(Osteosarcoma; Chondrosarcoma; Fibrosarcoma; Malignant Fibrous Histiocytoma; Primary Lymphoma of Bone; Giant Cell Tumor; Chordoma)
by Amy Scholten, MPH
Bone cancer is a growth that destroys normal bone tissue. It can also spread beyond the bone. It may be:
Other types of bone cancer are:
Bone cancer happens when cells divide without control or order. These cells grow together to form a tumor. They can invade and damage nearby tissues. They can also spread to other parts of the body.
The cause of primary bone cancer is unknown. Genes most likely play a role.
Things that may raise the risk of bone cancer are:
There may be other things that raise the risk. It depends on the type of bone cancer.
Symptoms will vary. They depend on the size and site of the tumor. Symptoms may be:
The doctor will ask about your symptoms and health history. A physical exam will be done.
Signs of cancer can be found with:
Images can show where the tumor is and how large it may be. They can also show if a cancer has spread. Tests may include:
Test results will be used for staging. This will outline how far and fast the cancer has spread.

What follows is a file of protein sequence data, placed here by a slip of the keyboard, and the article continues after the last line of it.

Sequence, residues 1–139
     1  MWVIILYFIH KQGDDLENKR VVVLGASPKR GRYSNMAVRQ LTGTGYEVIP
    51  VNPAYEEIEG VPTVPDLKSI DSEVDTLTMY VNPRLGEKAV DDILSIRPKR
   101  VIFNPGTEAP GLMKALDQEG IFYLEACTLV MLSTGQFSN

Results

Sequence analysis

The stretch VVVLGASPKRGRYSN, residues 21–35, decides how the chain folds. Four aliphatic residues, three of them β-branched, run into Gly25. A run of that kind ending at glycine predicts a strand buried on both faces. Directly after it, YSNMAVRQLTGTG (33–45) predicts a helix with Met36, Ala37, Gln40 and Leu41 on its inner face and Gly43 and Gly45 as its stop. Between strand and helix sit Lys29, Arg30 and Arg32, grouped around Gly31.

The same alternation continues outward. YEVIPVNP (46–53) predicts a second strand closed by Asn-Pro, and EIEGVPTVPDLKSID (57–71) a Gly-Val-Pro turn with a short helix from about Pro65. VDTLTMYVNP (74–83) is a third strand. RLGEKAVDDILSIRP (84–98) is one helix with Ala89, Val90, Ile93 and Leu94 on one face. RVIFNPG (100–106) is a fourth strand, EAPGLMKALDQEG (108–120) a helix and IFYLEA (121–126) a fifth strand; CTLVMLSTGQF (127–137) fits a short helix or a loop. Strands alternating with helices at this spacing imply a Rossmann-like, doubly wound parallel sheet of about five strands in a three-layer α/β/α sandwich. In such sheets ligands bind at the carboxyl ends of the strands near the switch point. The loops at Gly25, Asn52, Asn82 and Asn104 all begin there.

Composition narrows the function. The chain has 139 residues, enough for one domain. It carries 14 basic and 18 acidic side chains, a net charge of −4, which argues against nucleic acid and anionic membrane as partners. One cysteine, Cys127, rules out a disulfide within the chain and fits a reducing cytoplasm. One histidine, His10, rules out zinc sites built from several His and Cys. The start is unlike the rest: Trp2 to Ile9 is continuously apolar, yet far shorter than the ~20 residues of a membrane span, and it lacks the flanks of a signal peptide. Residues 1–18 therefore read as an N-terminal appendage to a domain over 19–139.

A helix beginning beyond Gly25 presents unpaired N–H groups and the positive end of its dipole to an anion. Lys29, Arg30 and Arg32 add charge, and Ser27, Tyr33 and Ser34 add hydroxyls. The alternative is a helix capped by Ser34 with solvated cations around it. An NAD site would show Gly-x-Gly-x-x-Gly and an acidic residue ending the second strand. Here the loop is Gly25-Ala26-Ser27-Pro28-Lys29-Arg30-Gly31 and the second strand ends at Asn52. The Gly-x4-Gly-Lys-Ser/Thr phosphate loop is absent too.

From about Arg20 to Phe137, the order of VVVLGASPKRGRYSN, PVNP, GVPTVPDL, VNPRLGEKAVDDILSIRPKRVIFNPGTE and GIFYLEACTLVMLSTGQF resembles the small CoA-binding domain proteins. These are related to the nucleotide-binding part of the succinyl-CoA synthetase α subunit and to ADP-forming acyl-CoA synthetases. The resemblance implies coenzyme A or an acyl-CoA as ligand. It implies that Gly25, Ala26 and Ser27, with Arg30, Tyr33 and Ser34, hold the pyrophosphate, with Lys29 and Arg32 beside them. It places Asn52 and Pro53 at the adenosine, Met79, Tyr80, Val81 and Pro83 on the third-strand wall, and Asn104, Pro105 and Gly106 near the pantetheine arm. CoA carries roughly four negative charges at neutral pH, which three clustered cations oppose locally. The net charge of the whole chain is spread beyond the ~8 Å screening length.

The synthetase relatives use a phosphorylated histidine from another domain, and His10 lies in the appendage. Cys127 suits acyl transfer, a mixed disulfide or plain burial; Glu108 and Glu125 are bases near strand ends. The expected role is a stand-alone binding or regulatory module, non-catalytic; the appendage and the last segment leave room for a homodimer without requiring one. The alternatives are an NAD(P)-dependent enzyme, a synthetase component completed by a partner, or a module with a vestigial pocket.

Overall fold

Treatment depends on the type, stage, and site of the cancer. It also depends on a person's overall health. Options may be:
There are no current guidelines to prevent bone cancer.
American Cancer Society
National Cancer Institute
Canadian Cancer Society
Caring for Kids—Canadian Paediatric Society
Bone cancer. American Cancer Society website. Available at: https://www.cancer.org/cancer/bone-cancer.html. Accessed March 17, 2021.
Bone cancer. National Cancer Institute website. Available at: https://www.cancer.gov/types/bone/bone-fact-sheet. Accessed March 17, 2021.
Ferguson JL, Turner SP. Bone cancer: diagnosis and treatment principles. Am Fam Physician. 2018;98(4):205-213.
Osteosarcoma in adults. EBSCO DynaMed website. Available at: https://www.dynamed.com/condition/osteosarcoma-in-adults. Accessed March 17, 2021.
Osteosarcoma in children. EBSCO DynaMed website. Available at: https://www.dynamed.com/condition/osteosarcoma-in-children. Accessed March 17, 2021.
Last reviewed Januray 2021 by EBSCO Medical Review Board Mohei Abouzied, MD, FACP
Last Updated: 3/17/2021
EBSCO Information Services is fully accredited by URAC. URAC is an independent, nonprofit health care accrediting organization dedicated to promoting health care quality through accreditation, certification and commendation.
This content is reviewed regularly and is updated when new and relevant evidence is made available. This information is neither intended nor implied to be a substitute for professional medical advice. Always seek the advice of your physician or other qualified health provider prior to starting any new treatment or with questions regarding a medical condition.
To send comments or feedback to our Editorial Team regarding the content please email us at firstname.lastname@example.org. Our Health Library Support team will respond to your email request within 2 business days.